Domestic brands(product) -- Often use or own the product

1) White Cat(dish detergent) -- 51%
2) Arawana(cooking oil) -- 48%
3) Kang Shi Fu(instant noodles) -- 37%
4) San Xiao(toothbrush) -- 32%
5) Gold Lo(battery) -- 18%
6) Robust(bottled water) -- 12%
7) Zhong Hua(toothpaste) -- 12%
8) Fulinment(cooking oil) -- 11%
9) Haier(refrigerator) -- 11%
10) Tang Tang(instant noodles) -- 11%

International brands(product) -- Often use or own the product

1) KFC(fast food) -- 45%
2) Safeguard(body soap) -- 36%
3) Lux(body soap) -- 35%
4) Coca-Cola(soft drink) -- 33%
5) McDonald's(fast food) -- 33%
6) Rejoice(shampoo) -- 29%
7) Colgate(toothpaste) -- 28%
8) Kodak(film) -- 27%
9) Contac(cold medicine) -- 23%
10) Nestlé(instant coffee) -- 23%

Source: 1999 AC Nielsen China Millennium Report

3. What gets them excited in Beijing may leave them cold in Shanghai
For Beijing sweet tooths, the chocolate of choice is Dove, a simple British confection that comes in bar form. In Guangzhou, bordering Hong Kong, the choice is more likely to be Ferrero Rocher, a far more elaborate product imported from continental Europe and bearing a price tag to match. The difference in preference is not simply price or taste (though they count). Superstition plays a more important role in things in the south, and the fact that the European chocolate is wrapped in gold foil makes it auspicious, particularly as a gift.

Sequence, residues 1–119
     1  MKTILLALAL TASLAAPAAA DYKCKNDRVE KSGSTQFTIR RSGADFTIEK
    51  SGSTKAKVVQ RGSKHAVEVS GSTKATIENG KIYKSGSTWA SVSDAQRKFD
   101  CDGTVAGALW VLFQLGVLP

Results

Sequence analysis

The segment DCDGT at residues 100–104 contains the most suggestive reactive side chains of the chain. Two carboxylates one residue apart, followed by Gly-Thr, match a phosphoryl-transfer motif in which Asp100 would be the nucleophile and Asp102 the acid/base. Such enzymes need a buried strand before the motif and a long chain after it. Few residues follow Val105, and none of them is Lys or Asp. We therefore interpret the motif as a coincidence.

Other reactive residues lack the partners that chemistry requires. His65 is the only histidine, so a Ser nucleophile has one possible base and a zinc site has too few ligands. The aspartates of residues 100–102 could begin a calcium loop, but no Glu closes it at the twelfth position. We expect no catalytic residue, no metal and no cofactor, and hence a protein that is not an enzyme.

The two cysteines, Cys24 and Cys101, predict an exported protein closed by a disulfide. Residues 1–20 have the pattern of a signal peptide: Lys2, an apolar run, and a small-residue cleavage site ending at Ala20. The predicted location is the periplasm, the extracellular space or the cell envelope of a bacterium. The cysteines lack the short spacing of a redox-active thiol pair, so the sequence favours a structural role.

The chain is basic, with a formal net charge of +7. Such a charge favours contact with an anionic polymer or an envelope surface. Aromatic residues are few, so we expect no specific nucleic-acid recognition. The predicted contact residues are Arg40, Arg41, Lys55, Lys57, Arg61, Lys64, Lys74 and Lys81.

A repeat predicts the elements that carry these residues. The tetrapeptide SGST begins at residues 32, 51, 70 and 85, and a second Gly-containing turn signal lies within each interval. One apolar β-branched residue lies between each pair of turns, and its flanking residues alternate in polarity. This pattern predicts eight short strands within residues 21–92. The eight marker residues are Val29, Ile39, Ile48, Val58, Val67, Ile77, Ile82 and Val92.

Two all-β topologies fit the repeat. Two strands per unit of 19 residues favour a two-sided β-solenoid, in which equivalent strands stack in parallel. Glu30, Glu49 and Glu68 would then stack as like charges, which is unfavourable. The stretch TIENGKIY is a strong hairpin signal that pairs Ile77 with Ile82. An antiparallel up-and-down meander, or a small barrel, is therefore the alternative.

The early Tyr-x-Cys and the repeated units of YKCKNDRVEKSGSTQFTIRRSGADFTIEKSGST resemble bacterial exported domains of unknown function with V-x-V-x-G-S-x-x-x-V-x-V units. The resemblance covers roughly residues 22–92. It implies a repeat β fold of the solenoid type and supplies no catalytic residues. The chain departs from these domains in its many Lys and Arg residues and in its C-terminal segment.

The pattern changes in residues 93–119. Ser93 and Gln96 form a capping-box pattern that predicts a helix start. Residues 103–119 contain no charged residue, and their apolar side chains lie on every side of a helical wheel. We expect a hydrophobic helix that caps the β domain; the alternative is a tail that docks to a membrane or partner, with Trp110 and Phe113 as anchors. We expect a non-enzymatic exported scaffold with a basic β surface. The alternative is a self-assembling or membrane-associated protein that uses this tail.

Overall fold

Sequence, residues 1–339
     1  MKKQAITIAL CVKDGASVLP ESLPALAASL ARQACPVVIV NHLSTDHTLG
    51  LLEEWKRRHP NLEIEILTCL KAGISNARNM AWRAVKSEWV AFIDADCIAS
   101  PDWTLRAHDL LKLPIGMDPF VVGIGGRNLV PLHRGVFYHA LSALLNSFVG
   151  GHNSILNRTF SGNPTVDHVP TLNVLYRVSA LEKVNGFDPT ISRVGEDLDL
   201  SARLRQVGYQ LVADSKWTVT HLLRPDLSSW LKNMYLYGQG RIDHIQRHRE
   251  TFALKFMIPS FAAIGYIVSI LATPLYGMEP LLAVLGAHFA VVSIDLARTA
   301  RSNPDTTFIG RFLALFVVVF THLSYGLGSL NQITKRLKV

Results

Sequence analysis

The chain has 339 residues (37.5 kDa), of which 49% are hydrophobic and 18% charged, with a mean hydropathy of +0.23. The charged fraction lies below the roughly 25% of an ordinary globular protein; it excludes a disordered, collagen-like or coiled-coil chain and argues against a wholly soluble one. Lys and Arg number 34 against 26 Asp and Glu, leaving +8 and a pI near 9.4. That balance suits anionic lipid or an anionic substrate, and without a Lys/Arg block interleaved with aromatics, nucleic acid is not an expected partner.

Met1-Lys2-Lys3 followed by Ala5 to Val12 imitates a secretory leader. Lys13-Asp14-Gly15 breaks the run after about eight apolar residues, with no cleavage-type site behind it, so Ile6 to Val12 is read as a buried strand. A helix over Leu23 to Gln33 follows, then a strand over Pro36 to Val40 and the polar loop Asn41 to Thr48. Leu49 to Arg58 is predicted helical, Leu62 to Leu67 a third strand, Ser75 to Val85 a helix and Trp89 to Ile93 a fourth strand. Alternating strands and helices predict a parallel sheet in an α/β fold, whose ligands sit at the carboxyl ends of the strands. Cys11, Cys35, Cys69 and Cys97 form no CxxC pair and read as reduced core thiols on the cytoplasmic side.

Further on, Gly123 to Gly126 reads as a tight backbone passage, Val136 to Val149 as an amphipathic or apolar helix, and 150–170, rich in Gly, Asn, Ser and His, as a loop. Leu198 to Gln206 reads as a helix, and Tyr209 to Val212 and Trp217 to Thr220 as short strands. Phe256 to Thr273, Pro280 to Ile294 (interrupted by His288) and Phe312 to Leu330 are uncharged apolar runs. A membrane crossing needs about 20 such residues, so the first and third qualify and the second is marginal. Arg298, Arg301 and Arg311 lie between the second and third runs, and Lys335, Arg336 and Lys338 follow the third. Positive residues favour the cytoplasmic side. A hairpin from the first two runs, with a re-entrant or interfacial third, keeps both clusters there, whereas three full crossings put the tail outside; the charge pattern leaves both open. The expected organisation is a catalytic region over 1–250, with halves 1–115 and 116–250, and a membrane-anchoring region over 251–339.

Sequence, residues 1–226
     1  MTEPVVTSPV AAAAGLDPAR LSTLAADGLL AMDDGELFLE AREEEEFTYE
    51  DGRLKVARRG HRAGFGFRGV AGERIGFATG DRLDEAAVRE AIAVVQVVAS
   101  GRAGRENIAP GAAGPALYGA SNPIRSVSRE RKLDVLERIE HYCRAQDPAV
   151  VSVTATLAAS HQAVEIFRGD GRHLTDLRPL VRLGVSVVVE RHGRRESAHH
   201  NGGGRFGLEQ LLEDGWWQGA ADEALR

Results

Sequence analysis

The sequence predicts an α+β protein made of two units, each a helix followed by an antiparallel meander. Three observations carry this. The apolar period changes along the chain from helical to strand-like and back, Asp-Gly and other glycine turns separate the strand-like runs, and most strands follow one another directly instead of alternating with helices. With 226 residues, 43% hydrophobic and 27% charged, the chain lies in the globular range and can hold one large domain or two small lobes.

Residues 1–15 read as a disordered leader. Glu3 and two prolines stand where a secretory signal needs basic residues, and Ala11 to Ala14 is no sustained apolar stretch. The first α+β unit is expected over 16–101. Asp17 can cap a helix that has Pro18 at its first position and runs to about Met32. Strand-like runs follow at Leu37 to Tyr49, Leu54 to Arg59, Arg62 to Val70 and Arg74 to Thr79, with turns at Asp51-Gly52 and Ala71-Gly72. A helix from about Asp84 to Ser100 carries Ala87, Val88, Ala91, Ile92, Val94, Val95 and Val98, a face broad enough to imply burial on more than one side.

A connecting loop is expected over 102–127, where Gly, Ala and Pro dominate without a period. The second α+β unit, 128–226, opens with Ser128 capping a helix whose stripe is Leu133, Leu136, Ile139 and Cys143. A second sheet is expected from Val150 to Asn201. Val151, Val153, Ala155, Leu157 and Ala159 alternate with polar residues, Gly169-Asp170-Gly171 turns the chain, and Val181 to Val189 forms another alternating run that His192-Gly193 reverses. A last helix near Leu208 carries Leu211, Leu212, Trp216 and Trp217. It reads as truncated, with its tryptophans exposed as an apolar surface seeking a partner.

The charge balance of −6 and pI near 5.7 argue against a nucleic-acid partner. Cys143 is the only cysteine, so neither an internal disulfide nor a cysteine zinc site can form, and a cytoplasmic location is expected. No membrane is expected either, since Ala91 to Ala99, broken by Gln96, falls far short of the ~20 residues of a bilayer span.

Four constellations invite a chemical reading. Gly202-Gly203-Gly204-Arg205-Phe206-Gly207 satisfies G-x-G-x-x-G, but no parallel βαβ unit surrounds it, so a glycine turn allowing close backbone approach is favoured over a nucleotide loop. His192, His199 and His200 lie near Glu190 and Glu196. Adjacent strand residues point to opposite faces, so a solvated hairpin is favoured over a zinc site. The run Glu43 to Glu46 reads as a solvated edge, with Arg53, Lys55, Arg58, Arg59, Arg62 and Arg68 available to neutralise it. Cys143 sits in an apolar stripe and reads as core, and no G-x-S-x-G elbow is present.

In politics, one country, two systems may be a workable concept for China's relationship with Hong Kong and Macau, but in business it is more like one country, 30 markets. The differences across the 9.5 million square kilometers are significant when it comes to what works and what doesn't. In Shanghai, Japan's Suntory is the favorite beer, but ask for it in Beijing or Guangzhou and the barman is likely to give you a quizzical look and offer you a Yanjing or Zhujiang instead. Nearly one person in two in Fuzhou owns a credit card. In Shanghai, that figure falls to as low as one in five. In Beijing, the heaviest skin care users are women between the ages of 20 and 24 and 30 and 34. In Guangzhou, teenagers are the ones who feel they need the help.

Then there is the matter of access to goods. "For inland places, you can't do your advertising in the same way you would in a more sophisticated market like Shanghai," says Miranda Li, Grey Advertising's Hong Kong-based strategic planner for China. In areas where a full range of products is not available, advertisers often do better with top-of-mind messages, which inform consumers about the brand without discussing details. No point wasting your budget on newspaper ads in those markets, either. Billboards are the thing.